Fig. 5: East 1 sector AR planetary-scale dynamics.
figure 5

East 1 sector longitudes (yellow shading). 200-hPa streamfunction anomaly composites in 106 m2/s for (a) analog, (b) AR, and (c) top AR timesteps averaged over the four-day period prior to AR landfall (dark blue contours). Statistically significant differences in the percentage of timesteps with outgoing longwave radiation below 220 W/m2 from 20°S to 20°N between (b) AR and Analog timesteps, (c) top AR and AR timesteps (purple and pink shading) four days prior to AR landfall.

In the East 2 sector, we do not observe a strong connection to mid or low-latitudes for the Analog, AR, or Top AR categories. However, we do observe a blocking pattern associated with Top AR environments that is not present in AR or Analog environments (Supplementary Fig. 5). The setup of this blocking pattern is seasonally dependent, with cold season Top AR environments featuring a stronger blocking high compared to warm season Top AR environments (Supplementary Fig. 6).


In this study, we identify landfalling AR timesteps around Antarctica from 1980 to 2019, an Analog collection (timesteps most similar to the synoptic-scale environments that characterize ARs but are not associated with an AR) and a Top AR collection (a subset of AR timesteps that rank in the top 10% in terms of snowfall intensity). This study extends prior regional and case study research on Antarctic ARs by comparing these three categories and their associated dynamical and thermodynamic environments across the entirety of Antarctica. Through this work, we identify discriminators for the full collection of AR environments and for a subset of Top AR environments.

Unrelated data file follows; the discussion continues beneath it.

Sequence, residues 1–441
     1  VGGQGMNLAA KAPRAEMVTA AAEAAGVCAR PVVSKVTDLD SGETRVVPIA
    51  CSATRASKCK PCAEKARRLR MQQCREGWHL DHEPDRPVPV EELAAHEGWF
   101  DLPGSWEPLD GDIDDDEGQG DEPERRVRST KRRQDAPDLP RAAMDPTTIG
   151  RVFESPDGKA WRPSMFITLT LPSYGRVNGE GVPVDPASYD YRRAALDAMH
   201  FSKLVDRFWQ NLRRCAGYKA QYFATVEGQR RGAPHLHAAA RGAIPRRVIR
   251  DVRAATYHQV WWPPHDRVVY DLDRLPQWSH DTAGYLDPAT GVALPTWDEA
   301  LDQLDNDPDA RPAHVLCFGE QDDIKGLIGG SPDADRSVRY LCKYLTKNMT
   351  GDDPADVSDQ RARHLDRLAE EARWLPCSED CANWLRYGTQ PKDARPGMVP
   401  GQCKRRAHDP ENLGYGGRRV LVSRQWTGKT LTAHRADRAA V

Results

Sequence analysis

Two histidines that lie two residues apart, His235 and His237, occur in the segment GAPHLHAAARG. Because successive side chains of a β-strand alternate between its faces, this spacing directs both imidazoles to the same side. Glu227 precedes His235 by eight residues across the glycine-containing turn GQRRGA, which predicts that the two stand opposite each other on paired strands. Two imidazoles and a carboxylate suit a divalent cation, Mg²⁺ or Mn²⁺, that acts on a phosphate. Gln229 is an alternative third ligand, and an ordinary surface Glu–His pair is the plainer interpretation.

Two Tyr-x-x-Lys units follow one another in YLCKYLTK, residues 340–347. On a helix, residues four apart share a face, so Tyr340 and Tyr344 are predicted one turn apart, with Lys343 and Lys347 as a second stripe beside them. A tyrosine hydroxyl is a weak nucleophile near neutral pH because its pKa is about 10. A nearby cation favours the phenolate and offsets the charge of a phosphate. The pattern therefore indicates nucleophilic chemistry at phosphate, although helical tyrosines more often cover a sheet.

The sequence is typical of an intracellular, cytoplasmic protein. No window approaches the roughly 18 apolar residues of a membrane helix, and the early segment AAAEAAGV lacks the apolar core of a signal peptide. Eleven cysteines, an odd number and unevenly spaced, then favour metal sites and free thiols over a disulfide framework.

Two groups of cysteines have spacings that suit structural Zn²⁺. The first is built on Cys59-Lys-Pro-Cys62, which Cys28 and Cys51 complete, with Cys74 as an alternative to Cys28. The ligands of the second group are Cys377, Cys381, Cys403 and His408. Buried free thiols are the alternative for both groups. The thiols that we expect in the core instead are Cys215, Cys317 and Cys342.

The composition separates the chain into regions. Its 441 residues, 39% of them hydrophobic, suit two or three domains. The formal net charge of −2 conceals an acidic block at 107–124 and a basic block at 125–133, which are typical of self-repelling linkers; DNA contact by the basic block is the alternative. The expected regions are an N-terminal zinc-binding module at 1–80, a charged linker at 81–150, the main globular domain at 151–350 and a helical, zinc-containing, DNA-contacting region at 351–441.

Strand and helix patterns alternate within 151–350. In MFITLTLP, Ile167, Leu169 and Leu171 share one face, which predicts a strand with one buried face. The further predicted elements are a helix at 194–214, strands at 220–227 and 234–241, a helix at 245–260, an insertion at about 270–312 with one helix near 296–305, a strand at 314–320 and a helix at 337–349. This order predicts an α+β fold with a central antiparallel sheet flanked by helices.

Our circumpolar results identifying discriminators of Antarctic AR environments support and generalize existing regional and case study literature. Despite creating a catalog of Analog timesteps that most closely match the synoptic-scale environments associated with AR timesteps, we find a stronger, meridionally elongated, and poleward-shifted H500 anomaly couplet during AR timesteps2,16,17 (Fig. 2a). This amplified mid-tropospheric flow is conducive to surface cyclogenesis (Fig. 2c) and a poleward flux of warm moist air10 towards Antarctica (Fig. 1c3a). As exemplified by past case studies6,16,27, lower-tropospheric warm-air advection along with latent heat release near the coast can amplify the mid-tropospheric ridge downstream of an AR (Fig. 2b), which is conducive to the development of a blocking pattern (Figs. 4b, 5b). This all can prolong AR impacts by slowing the prevailing westerly flow at upper-levels.

In addition to anomalous moisture in the footprint of the AR (Fig. 3a, b), we identify a possible AR moisture source in the form of anomalous evaporation upstream of the AR between 40oS to 50oS (Fig. 3c) and behind the cyclone’s cold front (Fig. 1c). This circumpolar signal is consistent with existing literature. For instance, Terpstra et al.27 located the dominant moisture source of one East Antarctic AR around 40oS, Sodemman and Stohl30 identified average source regions for Antarctic moisture between 46oS-50oS, and Dacre et al.31 found that precipitation attributable to an AR’s attendant cyclone is sensitive to the amount of moisture in the antecedent environment east of a developing cyclone that can be lifted via the cyclone’s warm conveyor belt.

Near the coast, an Antarctic AR’s attendant cyclone drives anomalous vertical motion (Fig. 2c), via a combination of orographic lift and dynamical lift associated with the warm conveyor belt17, resulting in anomalous precipitation (Fig. 1a)14,32. Along with precipitation, the dynamics and thermodynamics of AR environments result in warm near-surface temperatures (Fig. 1c) driven by increased downward longwave radiation from cloud cover and warm-air advection7,10,16,33,34.